After platting his subdivision and selling the first two lots, Mackenzie entered into an agreement with Lister Realty Company to broker the remaining parcels. (Mackenzie may have sold the subdivision to Lister Realty with a contingency clause. During the Great Depression, Lister defaulted on the agreement and Mackenzie resumed control of the property.) J. Lister held a grand opening for the Woodlea subdivision on March 17, 1929 (The Arizona Republican, March 17, 1929). To attract a crowd, they offered a free lunch and widely touted Woodlea’s amenities including “wide, well graveled streets,” electricity, and a nearby church and school. Lister’s ads for the subdivision emphasized that there were no city taxes. Woodlea’s most noteworthy feature, according to most early advertisements, was its pure, soft water, described as “the best in the city” and “pumped from a depth of 347 feet by a 7.5 horsepower motor”. Prospective home buyers were urged to bring canteens to sample the water. In a newspaper article covering the grand opening, Lister declared “The results of the first day were exceedingly gratifying” (The Arizona Republican, March 24, 1929).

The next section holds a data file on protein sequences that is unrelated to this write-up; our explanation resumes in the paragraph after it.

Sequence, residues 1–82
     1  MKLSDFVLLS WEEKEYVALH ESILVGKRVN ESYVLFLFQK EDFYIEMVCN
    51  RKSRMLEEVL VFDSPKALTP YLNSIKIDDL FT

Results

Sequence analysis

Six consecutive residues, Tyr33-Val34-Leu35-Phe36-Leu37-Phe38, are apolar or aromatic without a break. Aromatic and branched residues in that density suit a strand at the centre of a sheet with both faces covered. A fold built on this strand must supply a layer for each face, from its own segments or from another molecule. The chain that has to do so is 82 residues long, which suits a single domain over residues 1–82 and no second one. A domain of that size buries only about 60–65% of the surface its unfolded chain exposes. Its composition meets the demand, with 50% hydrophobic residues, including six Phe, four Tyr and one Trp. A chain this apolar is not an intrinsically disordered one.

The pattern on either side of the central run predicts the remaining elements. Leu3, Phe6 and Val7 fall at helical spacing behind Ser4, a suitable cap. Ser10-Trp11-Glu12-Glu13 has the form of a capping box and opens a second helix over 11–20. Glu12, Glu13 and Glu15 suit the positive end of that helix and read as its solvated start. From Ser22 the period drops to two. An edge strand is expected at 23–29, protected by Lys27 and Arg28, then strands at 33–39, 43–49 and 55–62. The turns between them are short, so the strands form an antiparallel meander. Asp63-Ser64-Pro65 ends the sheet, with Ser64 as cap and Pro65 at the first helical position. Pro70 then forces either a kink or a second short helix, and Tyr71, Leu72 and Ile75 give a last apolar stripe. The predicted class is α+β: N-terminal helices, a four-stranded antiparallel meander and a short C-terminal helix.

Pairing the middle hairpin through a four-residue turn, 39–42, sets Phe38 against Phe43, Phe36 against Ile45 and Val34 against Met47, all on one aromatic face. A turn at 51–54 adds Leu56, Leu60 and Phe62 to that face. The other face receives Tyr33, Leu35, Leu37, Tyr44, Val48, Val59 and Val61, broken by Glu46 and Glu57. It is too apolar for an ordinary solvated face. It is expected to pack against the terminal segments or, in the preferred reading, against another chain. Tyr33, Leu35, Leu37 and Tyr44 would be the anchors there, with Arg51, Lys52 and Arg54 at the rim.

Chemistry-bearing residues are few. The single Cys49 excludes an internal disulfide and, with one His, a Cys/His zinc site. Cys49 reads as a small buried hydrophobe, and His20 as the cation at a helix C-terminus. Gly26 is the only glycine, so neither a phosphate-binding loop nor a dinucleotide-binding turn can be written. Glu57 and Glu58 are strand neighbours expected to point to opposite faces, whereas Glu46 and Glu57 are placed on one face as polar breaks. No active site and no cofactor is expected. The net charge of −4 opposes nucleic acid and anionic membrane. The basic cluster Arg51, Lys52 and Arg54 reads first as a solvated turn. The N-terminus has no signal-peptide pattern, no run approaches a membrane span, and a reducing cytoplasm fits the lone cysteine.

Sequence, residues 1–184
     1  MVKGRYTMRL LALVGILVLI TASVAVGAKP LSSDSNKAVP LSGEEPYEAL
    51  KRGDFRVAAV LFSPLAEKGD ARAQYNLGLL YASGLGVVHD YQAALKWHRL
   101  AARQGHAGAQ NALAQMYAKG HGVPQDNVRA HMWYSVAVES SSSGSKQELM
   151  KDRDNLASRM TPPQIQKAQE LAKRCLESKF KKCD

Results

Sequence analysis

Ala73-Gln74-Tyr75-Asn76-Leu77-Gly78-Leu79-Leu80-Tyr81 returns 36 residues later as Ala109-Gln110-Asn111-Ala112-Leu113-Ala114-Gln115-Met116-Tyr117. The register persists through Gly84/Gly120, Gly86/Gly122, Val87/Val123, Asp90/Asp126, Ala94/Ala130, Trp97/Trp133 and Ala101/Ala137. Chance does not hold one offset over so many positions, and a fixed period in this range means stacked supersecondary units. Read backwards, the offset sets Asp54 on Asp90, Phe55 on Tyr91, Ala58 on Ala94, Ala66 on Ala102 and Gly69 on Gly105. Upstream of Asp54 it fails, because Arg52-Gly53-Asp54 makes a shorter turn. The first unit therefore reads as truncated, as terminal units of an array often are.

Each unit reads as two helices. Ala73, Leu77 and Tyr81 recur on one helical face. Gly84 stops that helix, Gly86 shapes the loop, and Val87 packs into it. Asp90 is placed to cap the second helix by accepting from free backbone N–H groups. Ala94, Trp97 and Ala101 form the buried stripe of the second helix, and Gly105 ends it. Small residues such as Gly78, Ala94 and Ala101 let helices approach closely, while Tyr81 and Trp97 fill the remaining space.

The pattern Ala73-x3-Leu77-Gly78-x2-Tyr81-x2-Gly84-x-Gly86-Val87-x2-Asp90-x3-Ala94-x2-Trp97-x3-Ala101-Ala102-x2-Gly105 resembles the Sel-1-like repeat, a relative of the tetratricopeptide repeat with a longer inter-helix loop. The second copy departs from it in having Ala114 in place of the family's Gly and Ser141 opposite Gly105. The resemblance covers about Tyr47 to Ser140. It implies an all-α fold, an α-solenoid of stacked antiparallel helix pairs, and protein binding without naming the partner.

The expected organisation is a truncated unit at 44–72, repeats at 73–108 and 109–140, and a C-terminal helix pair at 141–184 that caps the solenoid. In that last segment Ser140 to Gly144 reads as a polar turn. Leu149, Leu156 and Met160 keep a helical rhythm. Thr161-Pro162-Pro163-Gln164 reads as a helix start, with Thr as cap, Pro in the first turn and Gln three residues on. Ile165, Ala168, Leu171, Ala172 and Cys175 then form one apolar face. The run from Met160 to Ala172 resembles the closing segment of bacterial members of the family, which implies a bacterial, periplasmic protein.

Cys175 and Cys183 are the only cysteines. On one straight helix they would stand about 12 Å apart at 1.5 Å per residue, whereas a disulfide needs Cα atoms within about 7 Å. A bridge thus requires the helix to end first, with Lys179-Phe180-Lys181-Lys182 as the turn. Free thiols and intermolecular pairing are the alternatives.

Early newspaper articles and advertisements offer a few clues about Mackenzie and Lister’s intended buyers. They sought to attract both speculative builders and prospective home owners to build single-family houses throughout the subdivision. Articles and advertisements in the real estate section of The Arizona Republican appealed to builders by hinting at Woodlea’s investment potential. They emphasized its low-priced lots and location near exclusive subdivisions and promised a “choice location at a small cost in the path of the Salt River Valley’s greatest development!” (The Arizona Republican, March 24, 1929). Advertisements were also aimed at families wishing to build a home of their own. One portrayed a child’s eagerness to see Woodlea. It read,
“Say Dad” “You have read the news, let’s drive out Seventh Avenue north of Indian School Road and see WOODLEA the new subdivision all the neighbors are talking about. We will take our canteen and sample the GOOD SOFT WATER . . . ” (The Arizona Republican, March 24, 1929).